At this time each year, we take the opportunity to bring Holiday Greetings to our members and, as well, to make a few comments concerning the season that has just passed. It is with great difficulty, however, that we find the words to describe the 1985 navigation year. As if the past few years have not been difficult enough for the lake shipping industry, 1985 proved to be a terrible year in many respects, and one that a good many shippers and observers would not care to repeat.
The year began with gloomy prospects for the movement of grain, although a cautious optimism was voiced regarding the availability of other cargoes. As the season progressed, however, things deteriorated rapidly and, by mid-summer, a great many vessels had been laid up. Ports on both sides of the border were filled with idle lakers, and summer shipwatchers had very little marine traffic to observe or photograph.
Then, in mid-autumn, we were caught completely by surprise with the news of a massive sale of Canadian grain to the U.S.S.R. All of a sudden, the idled lakers began to fit out once again, and to head to Thunder Bay to load grain for the ports of the lower St. Lawrence River. It appeared that grain movements would hold strong for 1he remainder of the 1985 season and even into the spring of 1986, and that many of the lake fleets might be able to put some black ink into their ledgers for a change.
Fools, however, are those who ignore the effects of Murphy's Law. And if he was busy early in the season, "Murphy" was working overtime during the autumn. For the second season in a row, a major Seaway blockade occurred, just in time to bring the grain movement to a crashing halt. It was Thanksgiving Day (October 14th) when the west wall of Lock 7 of the Welland Canal collapsed. Damage evaluation and repair procedures were implemented immediately, but the canal did not reopen until November 7th, and by that time some 135 vessels were awaiting passage through the Welland. Some remained at anchor in Lake Ontario or Lake Erie, but the majority were put into the closest convenient port, and thus faced their second major period of inactivity during the 1985 season.
As we pen these words (or rather hack them out on a recalcitrant typewriter), the Seaway Authority is intending to keep the canals open as long as weather permits in order to facilitate cargo movements that were halted by the Welland Blockade. How long the thoroughly vile weather conditions that we have experienced this autumn will permit navigation is anyone's guess. Our thought would be that any major extension of the shipping season would be extremely unlikely, and that the channels will be frozen in before long.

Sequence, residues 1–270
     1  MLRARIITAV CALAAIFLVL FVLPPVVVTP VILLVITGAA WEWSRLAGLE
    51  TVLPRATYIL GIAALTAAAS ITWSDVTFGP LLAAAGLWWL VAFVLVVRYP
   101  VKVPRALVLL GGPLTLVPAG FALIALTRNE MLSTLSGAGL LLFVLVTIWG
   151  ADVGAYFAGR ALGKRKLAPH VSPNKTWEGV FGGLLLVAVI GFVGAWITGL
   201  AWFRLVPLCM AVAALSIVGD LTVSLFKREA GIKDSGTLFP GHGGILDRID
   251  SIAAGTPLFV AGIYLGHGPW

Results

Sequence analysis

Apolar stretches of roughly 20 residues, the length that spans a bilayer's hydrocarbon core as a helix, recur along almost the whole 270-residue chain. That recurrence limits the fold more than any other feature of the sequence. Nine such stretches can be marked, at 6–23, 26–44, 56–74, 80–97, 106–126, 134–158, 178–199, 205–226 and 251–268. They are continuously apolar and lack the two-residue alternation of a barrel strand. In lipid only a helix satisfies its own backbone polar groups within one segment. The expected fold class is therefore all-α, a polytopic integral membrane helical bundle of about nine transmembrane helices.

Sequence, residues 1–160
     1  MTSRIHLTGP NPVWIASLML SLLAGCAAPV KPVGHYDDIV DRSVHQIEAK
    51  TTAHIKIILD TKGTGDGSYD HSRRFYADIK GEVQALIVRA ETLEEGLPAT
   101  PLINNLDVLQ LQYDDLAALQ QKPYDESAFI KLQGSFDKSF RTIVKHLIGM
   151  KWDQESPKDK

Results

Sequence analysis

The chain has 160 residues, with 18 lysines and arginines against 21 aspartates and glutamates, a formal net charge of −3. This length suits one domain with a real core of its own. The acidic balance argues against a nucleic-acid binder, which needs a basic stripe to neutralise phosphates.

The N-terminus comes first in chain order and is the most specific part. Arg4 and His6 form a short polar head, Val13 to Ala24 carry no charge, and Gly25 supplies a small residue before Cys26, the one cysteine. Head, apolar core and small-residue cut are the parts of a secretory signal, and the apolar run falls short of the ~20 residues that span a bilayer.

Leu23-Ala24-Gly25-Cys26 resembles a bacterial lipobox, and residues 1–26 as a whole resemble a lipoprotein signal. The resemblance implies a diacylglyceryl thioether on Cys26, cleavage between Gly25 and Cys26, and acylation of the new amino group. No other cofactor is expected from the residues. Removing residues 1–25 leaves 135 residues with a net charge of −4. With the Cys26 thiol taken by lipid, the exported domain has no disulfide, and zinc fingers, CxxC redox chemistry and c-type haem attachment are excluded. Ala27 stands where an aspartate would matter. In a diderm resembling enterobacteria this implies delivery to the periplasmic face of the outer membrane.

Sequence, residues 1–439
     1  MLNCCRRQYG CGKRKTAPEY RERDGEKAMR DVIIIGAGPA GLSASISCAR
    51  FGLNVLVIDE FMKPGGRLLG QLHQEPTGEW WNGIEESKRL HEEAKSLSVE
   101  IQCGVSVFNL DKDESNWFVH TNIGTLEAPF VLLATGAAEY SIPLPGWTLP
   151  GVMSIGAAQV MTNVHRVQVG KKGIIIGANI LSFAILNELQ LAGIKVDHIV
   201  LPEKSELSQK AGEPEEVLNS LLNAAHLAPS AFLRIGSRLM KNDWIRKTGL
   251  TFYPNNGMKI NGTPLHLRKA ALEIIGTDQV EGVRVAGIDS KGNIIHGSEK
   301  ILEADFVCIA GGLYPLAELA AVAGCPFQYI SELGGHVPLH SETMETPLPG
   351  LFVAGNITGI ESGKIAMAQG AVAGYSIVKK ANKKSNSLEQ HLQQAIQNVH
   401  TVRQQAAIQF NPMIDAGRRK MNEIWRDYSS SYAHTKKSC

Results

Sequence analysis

Only one major commercial lake vessel was turned out by the shipbuilders in 1985, that being PATERSON (II), and no large lakers are presently on confirmed order. Thus at last have we come to the end of the major cycle of fleet renewal that was begun a few years ago when business conditions were so good. At the present time, it is unlikely that any number of new ships will be constructed in the foreseeable future, and we cannot imagine that any new building will be undertaken until there is a considerable improvement in the economic climate.
Perhaps the most saddening aspect of the 1985 season, however, and the one that caused the most chagrin for editors such as yours, was the resurgence of the scrap market, particularly overseas. After several years of relative quietude, the parade of lakers to the scrapyards began again in earnest during 1985. What made this year's parade so unusual, however, was the fact that, for the first time, Seaway-size vessels were included in the rush to the breakers. There is no reason to believe that the sale for scrapping of such major ships as LAKE WINNIPEG, LEON FALK JR. and MENIHEK LAKE was any momentary sort of aberration, and the weeding out of uneconomic tonnage, no matter how large or new, is certain to continue for the foreseeable future.
There were a number of marine accidents during the 1985 season, but fortunately very few were of a major nature, and there was no incident that involved any shocking loss of life. For this we can be extremely grateful.
We sincerely hope that all of our members and friends who are involved in lake shipping achieved as pleasant and safe a navigation season as was possible under the unusual circumstances that prevailed in 1985. We most certainly wish them a better year in 1986, and we hope that the coming year will be a good one for all of our members and, of course, for the Toronto Marine Historical Society itself.
But now, as the skies and waters of the Great Lakes take on the familiar grey hue of winter, as the snows obscure the horizons, and as the haze rises from the cold waters, the lake ships are trying to collect and deliver their last cargoes of the year before heading for the calm and safety of winter quarters. We wish them all safe passage.
And to all the many members of our growing family, the Toronto Marine Historical Society, we extend our very best wishes for a Merry Christmas, as well as for all possible Happiness in the New Year. Take care, friends, and may 1986 bring to you all a full measure of love, health and success.
Reproduced for the Web with the permission of the Toronto Marine Historical Society.